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Alignment Tolerances

 

First off let’s give credit where credit is due on these universally accepted Alignment Tolerances - Ludeca, Inc. and Ken Brook the developer who was the Ludeca Chief Engineer at the time - 1986! If someone else has told you that they came up with the tolerances shown below do not believe them as we were there when Ken did his great work! This Alignment Tolerance table did not exist before Ludeca developed it - period!

Ludeca felt that as the leader in laser alignment that they needed Alignment Tolerances that could be given to their customers. In comparing the various Equipment Manufacturers tolerances (notice we did not say Coupling Manufacturers) Ken Brook saw that they pretty much fell in line, with each other, when compared on the operational RPM.


Tolerance Card (click)
Tolerance Card (click)

 

Before we go further - ya’ll know it is RPM not RPM’s as you may have seen or heard elsewhere. RPM is both singular and plural, for example: 1 RPM and 1,775 RPM - that’s right Revolution or Revolutions Per Minute depending on how many! If you have been hearing RPM’s the person is actually saying Revolutions Per Minute’s and there are not many places that would apply on planet Earth - even in racing engines!

Back to Ken Brook’s work. Ken decided to look deeper into the Equipment Manufacturers (Pump, Gearbox, Motor etc.) tolerances by actually calculating what it would take to get the full rated life out of the Bearings! (Notice we did not say Couplings as we need to align for the Bearings and if you do not know that your program is in serious trouble!) Ken found that we needed to align a little better than what was previously thought and calculated what is now the Excellent column on our “Tolerances For Shaft Alignment” card. By the way, the Manufacturer’s tolerances evolved into the Acceptable tolerance column.

Note: These Alignment Tolerances are an integral part of the alignment program on the Prüftechnik AG, the German Manufacturer's, Rotalign® Ultra, Rotalign® Pro, Rotalign®, Optalign® smart, Optalign® Plus, Aligneo®, ShaftAlign®, smartAlign®, smartScanner® and PocketALIGN® Laser Shaft Alignment systems! These laser system use the RPM you entered by comparing your actual alignment to the built in Tolerances For Shaft Alignment and gives you an on screen indicator if your alignment is Excellent, Acceptable or poor! Yes we show a Smiley face and you would be smiling too if you were using one of these Prüftechnik AG systems!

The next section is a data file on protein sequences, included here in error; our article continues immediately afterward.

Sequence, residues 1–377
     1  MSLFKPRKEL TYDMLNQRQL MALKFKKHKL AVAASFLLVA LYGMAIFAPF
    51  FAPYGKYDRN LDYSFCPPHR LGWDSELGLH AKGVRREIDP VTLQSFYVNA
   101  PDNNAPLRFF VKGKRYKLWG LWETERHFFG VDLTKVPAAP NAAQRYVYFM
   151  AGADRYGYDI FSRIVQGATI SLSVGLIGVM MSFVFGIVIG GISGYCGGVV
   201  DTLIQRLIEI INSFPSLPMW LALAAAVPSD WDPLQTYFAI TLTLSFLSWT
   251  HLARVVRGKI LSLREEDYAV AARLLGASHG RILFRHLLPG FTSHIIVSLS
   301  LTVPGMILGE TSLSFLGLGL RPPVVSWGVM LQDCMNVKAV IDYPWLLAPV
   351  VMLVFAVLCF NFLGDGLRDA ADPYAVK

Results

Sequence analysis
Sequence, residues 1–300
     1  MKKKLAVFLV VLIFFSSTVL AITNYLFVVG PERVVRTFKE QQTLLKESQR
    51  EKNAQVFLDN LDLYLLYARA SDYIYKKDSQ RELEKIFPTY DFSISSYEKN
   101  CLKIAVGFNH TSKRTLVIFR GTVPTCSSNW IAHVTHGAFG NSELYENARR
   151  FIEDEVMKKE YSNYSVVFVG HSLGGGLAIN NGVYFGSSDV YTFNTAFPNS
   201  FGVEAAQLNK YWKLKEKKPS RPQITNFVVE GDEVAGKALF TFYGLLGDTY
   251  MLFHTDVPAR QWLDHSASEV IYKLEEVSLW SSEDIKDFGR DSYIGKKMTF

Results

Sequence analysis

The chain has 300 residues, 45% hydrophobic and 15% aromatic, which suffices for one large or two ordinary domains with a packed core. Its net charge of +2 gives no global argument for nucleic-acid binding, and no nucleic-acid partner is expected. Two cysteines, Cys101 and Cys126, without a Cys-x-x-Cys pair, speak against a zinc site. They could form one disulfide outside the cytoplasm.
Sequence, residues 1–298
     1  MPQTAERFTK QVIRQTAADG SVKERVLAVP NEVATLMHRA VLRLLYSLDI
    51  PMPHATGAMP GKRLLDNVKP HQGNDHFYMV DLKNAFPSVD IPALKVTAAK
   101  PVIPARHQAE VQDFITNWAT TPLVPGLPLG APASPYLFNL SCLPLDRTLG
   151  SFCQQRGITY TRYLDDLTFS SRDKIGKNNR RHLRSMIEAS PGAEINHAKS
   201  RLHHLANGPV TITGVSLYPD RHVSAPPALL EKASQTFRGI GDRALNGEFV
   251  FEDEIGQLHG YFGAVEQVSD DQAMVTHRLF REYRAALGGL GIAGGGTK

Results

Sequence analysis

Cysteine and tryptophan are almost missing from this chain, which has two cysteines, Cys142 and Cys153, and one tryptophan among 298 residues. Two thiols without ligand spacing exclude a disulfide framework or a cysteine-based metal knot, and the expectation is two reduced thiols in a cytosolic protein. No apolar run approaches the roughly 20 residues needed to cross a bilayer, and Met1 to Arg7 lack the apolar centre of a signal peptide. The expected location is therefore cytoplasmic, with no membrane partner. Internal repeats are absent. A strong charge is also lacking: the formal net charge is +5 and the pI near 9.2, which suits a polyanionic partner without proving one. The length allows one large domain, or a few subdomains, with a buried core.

New Rotalign® Ultra is Unequaled!
New Rotalign® Ultra is Unequaled!
New Optalign® smart with Bluetooth
New Optalign® smart with Bluetooth
New Aligneo® like an Optalign® Plus
New Aligneo®
Optalign® Plus Series
Optalign® Plus Series
Rotalign® Pro EX Intrinsically Safe
Rotalign® Pro EX Intrinsically Safe

 

Recently we were asked what we thought of “Alignment at the Feet”! Well that makes about as much sense as “eating with your feet”! When you have done an alignment using the Alignment Tolerances shown above, whether you are “short coupled” and using Gap/Offset or have a Spacer Shaft, you should not have any alignment related vibration! That was Ken’s point - when he looked at what a bearing needed to last the rated life - he created the Excellent column in the table!

On large machines you may end up with some large numbers at the feet but that can be explained with a simple Rise over Run example. Do you worry where a trailer’s wheels are when you hitch it to your car or truck? We doubt it - as you are very concerned about the hitch (or in our case the coupling)! If you have been convinced that you need to align at the feet then you need a class taught by someone who has done alignment and YOU need to get out there and do some alignments! To be completely honest with you, if you have not done any alignments (and understandably some of you haven’t as it is not your job) then you do not have the full picture!


"The only correct way to express shaft alignment tolerances is in terms of alignment conditions at the coupling" per Heinz P. Bloch, a top Alignment Authority, as published in the December issue of PUMPS & SYSTEMS.


Download Alignment Update Article

What's wrong with using "coupling" tolerances?


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© Copyright 2003 Voelzow & Company, Inc. Wingate, North Carolina


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